COVID-19 Vaccines: Scheduling, How Vaccines Work, and More | Patients & Visitors | UC Davis Health

COVID-19 Vaccines: Scheduling, How Vaccines Work, and More

Updated Sept. 28, 2023

At UC Davis Health, we're offering updated COVID-19 vaccines, based on recommendations from the Centers for Disease Control and Prevention (CDC). Patients can schedule a vaccine appointment by calling their primary care clinic or through MyUCDavisHealth.

COVID-19 vaccine requirements have changed over the last few years. UC Davis Health experts bring you the latest on scheduling your vaccine dose, how COVID-19 vaccines work, and how they affect children and women.

Find out when you should get your next COVID-19 vaccine based on CDC recommendations

Scheduling Your COVID-19 Vaccine

Updated COVID-19 vaccines are available to anyone ages 6 months and older.

UC Davis Health patients can schedule any COVID-19 vaccine dose at UC Davis Health. Most appointments can be made on your MyUCDavisHealth portal or by calling 916-703-5555 Monday-Friday 8 a.m.–5 p.m.

If you've had a recent COVID-19 infection, the CDC recommends that you consider delaying your COVID-19 vaccine dose by 3 months after symptoms first appear or a positive test.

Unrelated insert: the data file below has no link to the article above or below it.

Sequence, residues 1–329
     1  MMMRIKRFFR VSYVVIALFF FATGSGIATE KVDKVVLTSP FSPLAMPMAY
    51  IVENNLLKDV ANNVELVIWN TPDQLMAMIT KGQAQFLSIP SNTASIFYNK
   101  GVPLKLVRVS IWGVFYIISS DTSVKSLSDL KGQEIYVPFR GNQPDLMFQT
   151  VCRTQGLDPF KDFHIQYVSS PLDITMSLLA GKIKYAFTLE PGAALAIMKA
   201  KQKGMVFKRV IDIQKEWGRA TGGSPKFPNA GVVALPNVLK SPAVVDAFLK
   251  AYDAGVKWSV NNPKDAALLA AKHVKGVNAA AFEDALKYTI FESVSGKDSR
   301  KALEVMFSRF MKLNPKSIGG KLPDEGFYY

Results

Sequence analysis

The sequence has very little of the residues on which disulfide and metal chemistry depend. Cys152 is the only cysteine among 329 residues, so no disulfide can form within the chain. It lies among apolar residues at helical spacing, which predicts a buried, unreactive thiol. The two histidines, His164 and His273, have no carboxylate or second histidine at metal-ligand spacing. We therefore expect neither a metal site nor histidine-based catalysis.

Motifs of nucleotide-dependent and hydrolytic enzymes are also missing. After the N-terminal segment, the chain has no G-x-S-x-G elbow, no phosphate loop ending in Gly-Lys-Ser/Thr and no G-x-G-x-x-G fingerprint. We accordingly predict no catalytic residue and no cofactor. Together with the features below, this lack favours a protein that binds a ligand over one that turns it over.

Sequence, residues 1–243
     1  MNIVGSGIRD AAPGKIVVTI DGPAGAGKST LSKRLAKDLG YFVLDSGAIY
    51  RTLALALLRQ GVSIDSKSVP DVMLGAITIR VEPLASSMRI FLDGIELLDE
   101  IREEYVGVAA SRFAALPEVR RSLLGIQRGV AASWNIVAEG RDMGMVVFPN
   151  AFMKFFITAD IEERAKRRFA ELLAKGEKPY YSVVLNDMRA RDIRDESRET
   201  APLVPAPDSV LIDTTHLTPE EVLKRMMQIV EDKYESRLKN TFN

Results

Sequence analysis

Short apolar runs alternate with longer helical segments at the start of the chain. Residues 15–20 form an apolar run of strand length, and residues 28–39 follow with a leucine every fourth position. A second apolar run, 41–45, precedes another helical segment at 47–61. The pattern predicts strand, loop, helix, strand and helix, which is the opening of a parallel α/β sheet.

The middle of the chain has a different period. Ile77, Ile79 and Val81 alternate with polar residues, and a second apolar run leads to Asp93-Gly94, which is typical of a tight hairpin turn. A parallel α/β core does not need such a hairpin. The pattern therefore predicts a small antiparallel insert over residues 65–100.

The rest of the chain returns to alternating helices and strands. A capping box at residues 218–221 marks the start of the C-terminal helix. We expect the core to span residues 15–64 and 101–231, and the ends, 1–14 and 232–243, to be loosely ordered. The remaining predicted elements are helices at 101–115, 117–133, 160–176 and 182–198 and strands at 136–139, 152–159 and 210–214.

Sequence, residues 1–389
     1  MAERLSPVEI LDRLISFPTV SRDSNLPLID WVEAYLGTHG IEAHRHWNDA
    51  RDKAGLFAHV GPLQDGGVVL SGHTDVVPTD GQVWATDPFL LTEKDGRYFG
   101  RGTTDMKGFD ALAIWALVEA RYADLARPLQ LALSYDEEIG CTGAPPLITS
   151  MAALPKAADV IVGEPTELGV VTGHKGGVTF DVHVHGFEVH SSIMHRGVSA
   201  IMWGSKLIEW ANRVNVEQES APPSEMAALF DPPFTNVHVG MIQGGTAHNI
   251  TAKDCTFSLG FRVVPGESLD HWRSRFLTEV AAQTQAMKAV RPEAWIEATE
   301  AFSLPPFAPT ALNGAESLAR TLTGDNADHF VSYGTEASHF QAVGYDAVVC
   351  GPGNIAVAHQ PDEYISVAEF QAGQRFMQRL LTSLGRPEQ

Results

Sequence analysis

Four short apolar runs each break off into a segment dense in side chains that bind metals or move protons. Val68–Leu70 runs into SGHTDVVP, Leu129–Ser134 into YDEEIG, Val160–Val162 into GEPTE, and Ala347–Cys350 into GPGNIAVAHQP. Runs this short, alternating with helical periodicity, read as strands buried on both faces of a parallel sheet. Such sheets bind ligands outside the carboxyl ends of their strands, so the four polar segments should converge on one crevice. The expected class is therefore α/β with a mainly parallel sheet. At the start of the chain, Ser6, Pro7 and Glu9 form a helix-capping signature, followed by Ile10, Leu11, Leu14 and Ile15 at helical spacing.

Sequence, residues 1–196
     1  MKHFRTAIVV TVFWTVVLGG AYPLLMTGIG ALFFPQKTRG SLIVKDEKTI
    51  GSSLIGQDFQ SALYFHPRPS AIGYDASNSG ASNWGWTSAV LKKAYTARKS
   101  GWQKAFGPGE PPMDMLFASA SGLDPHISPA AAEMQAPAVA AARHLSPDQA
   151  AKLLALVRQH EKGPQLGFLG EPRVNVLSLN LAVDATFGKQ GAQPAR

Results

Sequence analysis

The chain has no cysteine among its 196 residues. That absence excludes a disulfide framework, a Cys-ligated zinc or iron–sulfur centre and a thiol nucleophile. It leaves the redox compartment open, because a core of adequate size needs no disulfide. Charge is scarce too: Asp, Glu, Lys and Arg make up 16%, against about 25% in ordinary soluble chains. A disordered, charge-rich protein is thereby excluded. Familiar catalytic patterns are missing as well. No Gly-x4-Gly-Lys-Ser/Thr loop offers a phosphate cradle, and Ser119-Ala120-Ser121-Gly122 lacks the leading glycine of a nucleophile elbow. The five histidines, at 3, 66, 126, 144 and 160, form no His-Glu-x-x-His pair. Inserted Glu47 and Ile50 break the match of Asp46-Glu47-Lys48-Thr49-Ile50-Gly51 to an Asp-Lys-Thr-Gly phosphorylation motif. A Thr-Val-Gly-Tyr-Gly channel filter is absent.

For those who are under 18 years old, they will need to have a parent or legal guardian provide consent for treatment at their appointment. UC Davis Health accepts written or verbal consent. It's also advised that anyone under age 18 have someone drive them to and from their appointment. With any vaccine, there's an increased risk of fainting for children under the age of 18, according to the CDC.

UC Davis Health has vaccines available for patients at many of our primary care clinics in:

  • Auburn
  • Carmichael
  • Davis
  • Elk Grove
  • Folsom
  • Rancho Cordova
  • Rocklin
  • Roseville
  • Sacramento: Campus Commons, Glassrock Building (Pediatrics), Midtown Ambulatory Care Center, Lawrence J. Ellison Ambulatory Care Center (Family Medicine and Internal Medicine)

Some vaccines are not available for all age groups and at all locations. Please check before you schedule your vaccine appointment.

See all of UC Davis Health's primary care clinic locations

You can schedule any COVID-19 vaccine dose (for those who are eligible, as specified by the CDC) at UC Davis Health. Appointments can be made on your MyUCDavisHealth account or by calling 916-703-5555 Monday-Friday 8 a.m.-5 p.m.

If you need to reschedule or cancel your vaccine appointment, please call our Patient Contact Center at 916-703-5555. The office is open Monday-Friday 8 a.m.-5 p.m.

Yes. UC Davis Health patients can schedule their next COVID-19 vaccine with us even if the last dose was administered somewhere else in the U.S. or in another country. Please bring record of your previous COVID-19 vaccine(s) or CDC vaccine card to your appointment.

To schedule a COVID-19 vaccine with UC Davis Health, go to MyUCDavisHealth or call 916-703-5555 Monday-Friday 8 a.m.-5 p.m.